Lubiw showed that several variants of Graph Isomorphism are NP-complete, where the solutions are required to satisfy certain additional constraints [SICOMP 10, 1981]. One of these, called Isomorphism With Restrictions, is to decide for two given graphs X_1=(V,E_1) and X_2=(V,E_2) and a subset R\subseteq V\times V of forbidden pairs whether there is an isomorphism \pi from X_1 to X_2 such that i^\pi\ne j for all (i,j)\in R. We prove that this problem and several of its generalizations are in fact in \FPT:

- The problem of deciding whether there is an isomorphism between two graphs that moves k vertices and satisfies Lubiw-style constraints is in FPT, with k and the size of R as parameters. The problem remains in FPT even if a conjunction of disjunctions of such constraints is allowed. As a consequence of the main result it follows that the problem to decide whether there is an isomorphism that moves exactly k vertices is in FPT. This solves a question left open in our article on exact weight automorphisms [STACS 2017].

- When the number of moved vertices is unrestricted, finding isomorphisms that satisfy a CNF of Lubiw-style constraints can be solved in FPT with access to a GI oracle.

- Checking if there is an isomorphism π between two graphs with complexity t is also in FPT with t as parameter, where the complexity of a permutation is the Cayley measure defined as the minimum number t such that \pi can be expressed as a product of t transpositions.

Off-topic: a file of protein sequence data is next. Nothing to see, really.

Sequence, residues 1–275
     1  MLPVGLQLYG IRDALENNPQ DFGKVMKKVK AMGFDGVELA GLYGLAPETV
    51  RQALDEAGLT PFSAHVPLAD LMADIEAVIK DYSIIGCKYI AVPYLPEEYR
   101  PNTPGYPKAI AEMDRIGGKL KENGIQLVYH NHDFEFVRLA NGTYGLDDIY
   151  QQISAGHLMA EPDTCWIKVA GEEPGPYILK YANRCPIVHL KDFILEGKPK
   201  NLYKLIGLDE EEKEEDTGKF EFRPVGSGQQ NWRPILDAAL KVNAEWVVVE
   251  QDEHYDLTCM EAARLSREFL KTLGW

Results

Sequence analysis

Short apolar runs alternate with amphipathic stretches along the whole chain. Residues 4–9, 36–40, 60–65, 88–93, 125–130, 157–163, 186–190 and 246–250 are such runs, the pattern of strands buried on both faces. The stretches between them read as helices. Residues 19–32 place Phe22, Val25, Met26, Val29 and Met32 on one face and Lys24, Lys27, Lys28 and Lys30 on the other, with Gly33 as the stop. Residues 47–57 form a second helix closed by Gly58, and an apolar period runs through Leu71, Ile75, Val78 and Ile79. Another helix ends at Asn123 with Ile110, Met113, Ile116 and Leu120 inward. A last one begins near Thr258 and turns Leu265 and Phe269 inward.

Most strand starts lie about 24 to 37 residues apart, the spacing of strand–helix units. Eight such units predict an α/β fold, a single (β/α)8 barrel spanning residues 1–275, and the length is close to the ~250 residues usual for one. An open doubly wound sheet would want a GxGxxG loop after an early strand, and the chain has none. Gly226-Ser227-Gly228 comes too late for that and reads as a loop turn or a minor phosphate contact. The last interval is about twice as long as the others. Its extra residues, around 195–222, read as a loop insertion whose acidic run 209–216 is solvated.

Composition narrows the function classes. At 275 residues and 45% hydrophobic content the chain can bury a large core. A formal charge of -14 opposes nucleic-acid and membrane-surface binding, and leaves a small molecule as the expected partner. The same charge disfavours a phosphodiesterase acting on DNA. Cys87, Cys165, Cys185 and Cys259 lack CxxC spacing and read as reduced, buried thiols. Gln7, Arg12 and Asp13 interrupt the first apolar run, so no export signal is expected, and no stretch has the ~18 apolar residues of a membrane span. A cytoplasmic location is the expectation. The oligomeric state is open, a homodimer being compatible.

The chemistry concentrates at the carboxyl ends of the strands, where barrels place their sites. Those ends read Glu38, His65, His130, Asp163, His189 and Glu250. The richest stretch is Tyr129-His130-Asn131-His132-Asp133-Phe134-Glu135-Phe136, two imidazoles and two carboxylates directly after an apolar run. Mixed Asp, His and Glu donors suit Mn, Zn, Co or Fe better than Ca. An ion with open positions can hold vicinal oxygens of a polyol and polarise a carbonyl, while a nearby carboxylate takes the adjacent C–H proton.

- We consider a more general problem in which the vertex set of a graph X is partitioned into Red and Blue, and we are interested in an automorphism that stabilizes Red and Blue and moves exactly k vertices in Blue, where k is the parameter. This problem was introduced by [Downey and Fellows 1999], and we showed [STACS 2017] that it is W[1]-hard even with color classes of size 4 inside Red. Now, for color classes of size at most 3 inside Red, we show the problem is in FPT.

In the non-parameterized setting, all these problems are NP-complete. Also, they all generalize in several ways the problem to decide whether there is an isomorphism between two graphs that moves at most k vertices, shown to be in FPT by Schweitzer [ESA 2011].